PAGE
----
Leased, shared and privately owned bicycles parked in central Amsterdam (Author)
My first paper has been published in the journal Environmental Innovation and Societal Transitions and is available at DOI: https://doi.org/10.1016/j.eist.2019.09.001.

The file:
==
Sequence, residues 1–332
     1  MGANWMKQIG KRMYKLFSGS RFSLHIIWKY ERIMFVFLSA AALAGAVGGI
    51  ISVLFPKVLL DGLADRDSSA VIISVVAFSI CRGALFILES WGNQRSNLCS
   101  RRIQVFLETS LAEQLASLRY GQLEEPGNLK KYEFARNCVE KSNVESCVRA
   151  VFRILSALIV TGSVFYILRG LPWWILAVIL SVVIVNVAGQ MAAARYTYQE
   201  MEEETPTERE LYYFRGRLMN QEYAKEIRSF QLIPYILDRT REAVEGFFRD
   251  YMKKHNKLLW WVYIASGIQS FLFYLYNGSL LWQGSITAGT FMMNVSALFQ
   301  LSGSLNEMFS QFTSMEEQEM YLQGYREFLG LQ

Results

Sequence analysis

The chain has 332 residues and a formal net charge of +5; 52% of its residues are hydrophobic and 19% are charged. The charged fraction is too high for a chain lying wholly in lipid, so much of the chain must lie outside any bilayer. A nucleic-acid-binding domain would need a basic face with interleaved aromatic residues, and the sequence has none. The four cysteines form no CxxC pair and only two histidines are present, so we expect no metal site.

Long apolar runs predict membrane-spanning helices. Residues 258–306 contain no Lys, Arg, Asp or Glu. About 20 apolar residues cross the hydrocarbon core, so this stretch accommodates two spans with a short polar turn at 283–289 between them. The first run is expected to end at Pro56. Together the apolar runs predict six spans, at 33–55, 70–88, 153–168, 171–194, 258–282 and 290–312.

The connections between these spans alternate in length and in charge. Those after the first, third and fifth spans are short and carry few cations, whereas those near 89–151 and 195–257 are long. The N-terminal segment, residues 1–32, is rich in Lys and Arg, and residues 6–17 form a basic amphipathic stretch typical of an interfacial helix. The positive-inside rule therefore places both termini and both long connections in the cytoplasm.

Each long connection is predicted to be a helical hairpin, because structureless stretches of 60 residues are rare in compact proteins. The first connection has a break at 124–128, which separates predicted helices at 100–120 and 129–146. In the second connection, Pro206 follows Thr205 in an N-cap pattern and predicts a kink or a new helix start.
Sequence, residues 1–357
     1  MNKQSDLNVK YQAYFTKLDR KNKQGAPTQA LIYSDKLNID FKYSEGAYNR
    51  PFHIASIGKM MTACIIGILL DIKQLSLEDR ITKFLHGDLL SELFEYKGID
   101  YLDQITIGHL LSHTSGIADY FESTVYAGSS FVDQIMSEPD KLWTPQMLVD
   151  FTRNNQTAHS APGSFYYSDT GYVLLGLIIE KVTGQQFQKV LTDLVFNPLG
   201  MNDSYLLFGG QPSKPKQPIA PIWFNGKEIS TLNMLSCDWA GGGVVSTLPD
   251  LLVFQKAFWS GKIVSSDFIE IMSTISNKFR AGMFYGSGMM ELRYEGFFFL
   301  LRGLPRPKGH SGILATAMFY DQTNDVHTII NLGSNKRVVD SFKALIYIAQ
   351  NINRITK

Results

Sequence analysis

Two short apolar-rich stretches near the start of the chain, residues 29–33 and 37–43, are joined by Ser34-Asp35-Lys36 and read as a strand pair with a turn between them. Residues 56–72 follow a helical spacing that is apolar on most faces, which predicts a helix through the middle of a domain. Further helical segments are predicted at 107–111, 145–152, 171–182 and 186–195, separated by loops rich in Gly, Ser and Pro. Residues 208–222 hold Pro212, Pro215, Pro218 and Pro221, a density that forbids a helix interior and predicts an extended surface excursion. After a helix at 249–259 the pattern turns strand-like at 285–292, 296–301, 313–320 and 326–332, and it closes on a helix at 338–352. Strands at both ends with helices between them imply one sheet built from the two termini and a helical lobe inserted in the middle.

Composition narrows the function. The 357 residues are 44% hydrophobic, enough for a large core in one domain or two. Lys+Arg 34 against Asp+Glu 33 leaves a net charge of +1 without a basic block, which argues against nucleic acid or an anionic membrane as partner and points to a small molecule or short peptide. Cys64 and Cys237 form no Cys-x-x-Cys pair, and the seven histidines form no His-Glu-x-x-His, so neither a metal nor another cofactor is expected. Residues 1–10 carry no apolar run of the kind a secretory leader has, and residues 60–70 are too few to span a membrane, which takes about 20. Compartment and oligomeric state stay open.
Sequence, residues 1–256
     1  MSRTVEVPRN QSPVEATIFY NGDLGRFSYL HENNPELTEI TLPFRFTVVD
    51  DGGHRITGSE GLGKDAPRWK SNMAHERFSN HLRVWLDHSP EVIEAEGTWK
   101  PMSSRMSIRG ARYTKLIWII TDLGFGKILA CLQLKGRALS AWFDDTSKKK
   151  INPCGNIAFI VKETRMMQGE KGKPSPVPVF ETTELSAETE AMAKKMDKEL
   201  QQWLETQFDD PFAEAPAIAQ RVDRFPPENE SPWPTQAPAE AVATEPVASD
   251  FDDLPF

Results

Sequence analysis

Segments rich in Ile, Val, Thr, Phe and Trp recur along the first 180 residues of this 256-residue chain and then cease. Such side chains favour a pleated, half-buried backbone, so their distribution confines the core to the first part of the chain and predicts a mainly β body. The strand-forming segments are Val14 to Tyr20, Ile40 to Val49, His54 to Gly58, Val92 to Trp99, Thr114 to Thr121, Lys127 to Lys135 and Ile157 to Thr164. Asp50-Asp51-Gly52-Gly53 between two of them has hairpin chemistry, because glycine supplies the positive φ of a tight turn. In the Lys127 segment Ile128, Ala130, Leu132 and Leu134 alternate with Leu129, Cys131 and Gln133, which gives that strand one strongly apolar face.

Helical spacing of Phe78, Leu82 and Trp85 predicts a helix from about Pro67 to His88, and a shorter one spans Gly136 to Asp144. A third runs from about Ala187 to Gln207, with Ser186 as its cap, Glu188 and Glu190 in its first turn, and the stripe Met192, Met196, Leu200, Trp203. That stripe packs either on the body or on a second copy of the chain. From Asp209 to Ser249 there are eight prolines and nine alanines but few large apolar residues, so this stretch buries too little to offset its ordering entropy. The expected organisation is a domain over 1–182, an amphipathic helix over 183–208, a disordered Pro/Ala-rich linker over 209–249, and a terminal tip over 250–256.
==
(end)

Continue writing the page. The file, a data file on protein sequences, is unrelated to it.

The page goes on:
Cycling-based mobility services or ‘Cycling as a Service’ (CaaS) have recently expanded in number and scale in the Netherlands. In contrast to the contexts of most other CaaS studies to date, cycling has a high overall modal share and relatively strong institutions in the Dutch context. However, these supportive features have not translated into straightforward success for CaaS providers. Instead, responses to CaaS providers have varied widely, from tolerance to opposition. In this study we employ a combined business model and transition perspective to investigate this variation and its implications for CaaS in Dutch urban mobility systems. We present a typology of value propositions derived from business models and analyse it using an adaptation of Hoogma’s fit-and-stretch framework for strategies in emerging niches. CaaS value propositions and their technology choices and design are classified in terms of this framework, and their transitions potential analysed. Our findings clarify the strategies used by niche actors to enter into and operate within established cycling regimes.
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